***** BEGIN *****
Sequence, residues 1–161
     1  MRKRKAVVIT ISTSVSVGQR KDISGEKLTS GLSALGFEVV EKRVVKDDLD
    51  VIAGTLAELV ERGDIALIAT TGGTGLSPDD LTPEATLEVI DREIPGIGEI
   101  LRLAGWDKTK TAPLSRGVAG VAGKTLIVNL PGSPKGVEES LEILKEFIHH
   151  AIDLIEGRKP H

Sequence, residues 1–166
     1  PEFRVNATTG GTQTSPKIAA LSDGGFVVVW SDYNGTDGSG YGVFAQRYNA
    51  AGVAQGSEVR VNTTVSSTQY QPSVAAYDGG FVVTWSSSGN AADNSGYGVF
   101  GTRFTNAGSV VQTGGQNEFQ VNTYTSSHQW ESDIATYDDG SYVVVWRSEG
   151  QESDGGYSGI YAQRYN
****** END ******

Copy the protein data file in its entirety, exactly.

Sequence, residues 1–161
     1  MRKRKAVVIT ISTSVSVGQR KDISGEKLTS GLSALGFEVV EKRVVKDDLD
    51  VIAGTLAELV ERGDIALIAT TGGTGLSPDD LTPEATLEVI DREIPGIGEI
   101  LRLAGWDKTK TAPLSRGVAG VAGKTLIVNL PGSPKGVEES LEILKEFIHH
   151  AIDLIEGRKP H

Sequence, residues 1–166
     1  PEFRVNATTG GTQTSPKIAA LSDGGFVVVW SDYNGTDGSG YGVFAQRYNA
    51  AGVAQGSEVR VNTTVSSTQY QPSVAAYDGG FVVTWSSSGN AADNSGYGVF
   101  GTRFTNAGSV VQTGGQNEFQ VNTYTSSHQW ESDIATYDDG SYVVVWRSEG
   151  QESDGGYSGI YAQRYN